As you can see, sometimes no matter how well prepared you might be or what your initial plan was, there is a chance that you get separated from your family or your retreat point and in the havoc caused you won’t be able to reach them. Having several backup plans can save your life.
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Another comment on the same article from Prepper Girl :
“I live in Northern California and had to evacuate due to a Forest fire that came within a mile of my home. Looking back on the experience I see that I did many things wrong. I wasted time trying to find out where the fire was. We saw the smoke, and falling ash, ( which should have told us that it was close.) I called around to friends and neighbors in the area but no one seemed to know where the fire was. We started putting our bug out items, food and water, and important papers into our 5th wheel. At that time we had a lot of animals and I spent a lot of time preparing to evacuate them. By the time we saw the police at our gate telling us to leave immediately, we panicked.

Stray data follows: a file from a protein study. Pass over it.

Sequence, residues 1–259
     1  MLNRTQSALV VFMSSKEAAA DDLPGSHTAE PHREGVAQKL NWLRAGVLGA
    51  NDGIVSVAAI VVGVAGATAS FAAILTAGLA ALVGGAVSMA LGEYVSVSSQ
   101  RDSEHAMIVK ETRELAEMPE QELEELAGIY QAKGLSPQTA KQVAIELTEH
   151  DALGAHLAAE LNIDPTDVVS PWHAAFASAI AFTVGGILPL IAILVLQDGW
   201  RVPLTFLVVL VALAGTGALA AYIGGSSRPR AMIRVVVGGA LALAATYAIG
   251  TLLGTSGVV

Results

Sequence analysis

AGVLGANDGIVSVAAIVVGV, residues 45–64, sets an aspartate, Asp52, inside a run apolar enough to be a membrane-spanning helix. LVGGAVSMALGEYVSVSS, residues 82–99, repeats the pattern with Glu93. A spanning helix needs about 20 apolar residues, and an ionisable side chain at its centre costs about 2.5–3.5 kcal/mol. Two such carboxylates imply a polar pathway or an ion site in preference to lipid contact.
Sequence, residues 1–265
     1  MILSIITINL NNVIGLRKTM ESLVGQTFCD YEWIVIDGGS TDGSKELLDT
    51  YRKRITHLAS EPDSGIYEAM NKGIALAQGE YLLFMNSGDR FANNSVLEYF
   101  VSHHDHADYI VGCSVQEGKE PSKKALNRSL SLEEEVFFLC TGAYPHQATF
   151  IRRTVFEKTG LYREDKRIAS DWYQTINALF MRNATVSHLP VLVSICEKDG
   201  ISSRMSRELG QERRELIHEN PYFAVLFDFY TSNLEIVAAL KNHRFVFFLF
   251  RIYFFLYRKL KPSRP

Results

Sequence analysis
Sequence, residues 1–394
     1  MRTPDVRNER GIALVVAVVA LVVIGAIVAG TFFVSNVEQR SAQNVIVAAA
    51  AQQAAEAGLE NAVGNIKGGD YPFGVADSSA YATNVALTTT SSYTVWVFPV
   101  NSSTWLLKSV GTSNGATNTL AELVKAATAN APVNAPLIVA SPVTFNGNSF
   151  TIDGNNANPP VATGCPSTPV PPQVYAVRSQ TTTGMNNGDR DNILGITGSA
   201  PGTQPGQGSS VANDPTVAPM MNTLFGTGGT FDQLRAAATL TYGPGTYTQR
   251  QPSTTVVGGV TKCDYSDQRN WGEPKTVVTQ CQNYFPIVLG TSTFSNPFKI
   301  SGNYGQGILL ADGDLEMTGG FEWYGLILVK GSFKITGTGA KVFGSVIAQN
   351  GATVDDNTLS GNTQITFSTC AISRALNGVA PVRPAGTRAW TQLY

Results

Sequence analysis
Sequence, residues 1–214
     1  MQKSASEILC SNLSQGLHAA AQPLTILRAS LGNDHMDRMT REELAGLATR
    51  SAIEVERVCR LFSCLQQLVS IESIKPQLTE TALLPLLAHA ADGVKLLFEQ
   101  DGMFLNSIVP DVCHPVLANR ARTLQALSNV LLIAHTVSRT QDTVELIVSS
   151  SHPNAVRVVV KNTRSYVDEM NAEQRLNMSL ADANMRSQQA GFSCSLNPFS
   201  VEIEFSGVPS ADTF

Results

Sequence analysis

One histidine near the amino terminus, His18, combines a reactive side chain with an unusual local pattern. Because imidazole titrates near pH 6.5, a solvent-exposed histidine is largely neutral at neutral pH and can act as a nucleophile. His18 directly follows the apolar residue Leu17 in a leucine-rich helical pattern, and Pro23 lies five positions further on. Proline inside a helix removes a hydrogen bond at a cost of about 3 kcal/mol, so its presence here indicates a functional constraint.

We were hitched up to our truck at this point and left, leaving some animals behind. By the time we reached the end of our road we were wanting to go back to lock up the house, leave water and food for the animals we left behind, but law enforcement would not allow us to do so. We were evacuated for 6 days not knowing if our home was gone, looted, or if our animals had survived. Looking back, I should have opened a large bag of dog food and left it on the ground. We normally leave large buckets of water available. Animal control was able to get in after 4 days and rescue the dogs and farm animals, so they survived. I know that every situation is different, and even to those of us who think we are prepared for SHTF, there are always surprises. Now we keep our trailer stocked year around and hitched to our truck during fire season. Bug out bags is always in our car. And extra water.